Articles

Professor Osofsky’s response to my article is convincing and her exploration of the gaps in my earlier discussion of climate reparations is welcome — in fact, it is encouraged. The hope in writing an article on climate reparations was to investigate seriously alternate avenues for remedy for the climate vulnerable and encourage creativity across scales, between novel claimants, and...

[Hari M. Osofsky is Associate Professor at Washington and Lee School of Law.] In Climate Reparations, Professor Maxine Burkett makes a compelling case for viewing climate justice problems though a reparative lens. She articulates thoughtfully the barriers to achieving meaningful justice under existing frameworks and proposals, as well as the profound ethical dilemmas posed by the inequities regarding emissions, impacts, and...

[Associate Professor Maxine Burkett is the Director of the Center for Island Climate Adaption and Policy at the William S. Richardson School of Law, University of Hawai'i at Manoa.] With the uncertain — and deeply disappointing — conclusion of the COP15, one thing has become crystal clear: states and vulnerable communities must explore alternative avenues to address the climate crisis and...

We are delighted to introduce the inaugural online symposium issue of the Melbourne Journal of International Law ('MJIL') hosted by Opinio Juris. We would like to thank Opinio Juris, and Kevin Jon Heller in particular, for inviting us to participate in this partnership. We hope that this partnership contributes to the global reach of Opinio Juris by providing an Asia-Pacific...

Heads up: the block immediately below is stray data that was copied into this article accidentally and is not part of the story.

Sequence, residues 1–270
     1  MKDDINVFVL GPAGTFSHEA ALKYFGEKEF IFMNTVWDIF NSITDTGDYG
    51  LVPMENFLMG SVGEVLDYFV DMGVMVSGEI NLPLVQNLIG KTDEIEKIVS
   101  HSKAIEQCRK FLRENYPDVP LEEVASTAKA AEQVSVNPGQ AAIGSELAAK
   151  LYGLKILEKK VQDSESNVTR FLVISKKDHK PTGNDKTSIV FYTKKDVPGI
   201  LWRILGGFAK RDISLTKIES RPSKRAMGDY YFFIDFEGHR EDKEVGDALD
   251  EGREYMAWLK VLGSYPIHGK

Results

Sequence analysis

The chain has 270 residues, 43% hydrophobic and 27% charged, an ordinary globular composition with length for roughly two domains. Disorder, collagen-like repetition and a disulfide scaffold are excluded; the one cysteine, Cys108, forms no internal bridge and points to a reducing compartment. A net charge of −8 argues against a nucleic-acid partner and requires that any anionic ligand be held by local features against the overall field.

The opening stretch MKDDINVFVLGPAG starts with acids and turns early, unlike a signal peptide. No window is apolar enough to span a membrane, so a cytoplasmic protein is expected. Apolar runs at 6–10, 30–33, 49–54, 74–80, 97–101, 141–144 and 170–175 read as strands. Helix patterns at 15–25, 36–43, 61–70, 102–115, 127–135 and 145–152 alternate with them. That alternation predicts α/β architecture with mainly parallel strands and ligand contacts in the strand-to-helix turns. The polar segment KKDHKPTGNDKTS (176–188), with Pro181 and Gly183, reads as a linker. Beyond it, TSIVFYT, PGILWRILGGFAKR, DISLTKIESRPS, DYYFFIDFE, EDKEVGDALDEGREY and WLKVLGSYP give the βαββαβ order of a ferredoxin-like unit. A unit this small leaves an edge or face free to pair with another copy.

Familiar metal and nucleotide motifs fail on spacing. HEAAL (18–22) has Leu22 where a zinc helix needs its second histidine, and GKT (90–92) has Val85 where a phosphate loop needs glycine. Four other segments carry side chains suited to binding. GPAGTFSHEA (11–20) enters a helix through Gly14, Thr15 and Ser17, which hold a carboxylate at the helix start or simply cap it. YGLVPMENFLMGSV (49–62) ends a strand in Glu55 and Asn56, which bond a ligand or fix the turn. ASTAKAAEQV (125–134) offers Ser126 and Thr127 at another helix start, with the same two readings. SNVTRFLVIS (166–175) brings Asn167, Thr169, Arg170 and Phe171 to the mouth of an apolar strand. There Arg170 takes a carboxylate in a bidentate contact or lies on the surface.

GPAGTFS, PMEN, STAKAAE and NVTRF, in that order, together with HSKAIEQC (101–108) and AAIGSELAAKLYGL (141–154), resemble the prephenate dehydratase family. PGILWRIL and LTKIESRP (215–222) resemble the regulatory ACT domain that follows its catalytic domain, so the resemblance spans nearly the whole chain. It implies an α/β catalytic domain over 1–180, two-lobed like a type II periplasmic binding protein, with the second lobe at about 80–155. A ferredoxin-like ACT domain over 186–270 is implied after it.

The Supreme Court has just rendered its decision in Boumediene v. Bush, announcing that the DTA procedures are not an adequate and effective substitute for habeas corpus and that the MCA operates as an unconstitutional suspension of the writ. Opinio Juris is very pleased to announce an “insta-symposium” to discuss the decision. We have an amazing line-up of guests, including...

Thanks to Marty for his pointer on the decision and his instant analysis (which despite being instant, is also still quite interesting). Throughout the day today and into tomorrow, Opinio Juris will post thoughts and comments on the Medellin decision from leading commentators and scholars, in addition to (of course, our substantial "in-blog" expertise. Stay tuned!...

The last couple of months have been very good for the study of foreign relations law. First, there was Marty Lederman’s (Georgetown) and David Barron’s (Harvard) two part article on the President’s Commander-in-Chief power when used in opposition to Congressional limitations. Now, we have Yale Law Professor Oona Hathaway’s analysis of the Constitution’s Treaty Clause and the modern practice of...

Starting Monday of next week, Opinio Juris is pleased to be hosting an online preview of a roundtable at the annual meeting of the American Political Science Association. Entitled "The Allocation of Normative Power to and among International Tribunals," the roundtable will explore legal and political issues arising out of the rise of international tribunals and the increasing legalization...

A couple of quick thoughts on Hamdan, which is obviously an important decision (although perhaps not quite as important as on first glance). 1) Over at Scotusblog Marty Lederman asserts that the Court’s finding on common article 3 spills over to dispatch with interrogation practices in other detainee contexts. That may be true at some level, but on my read...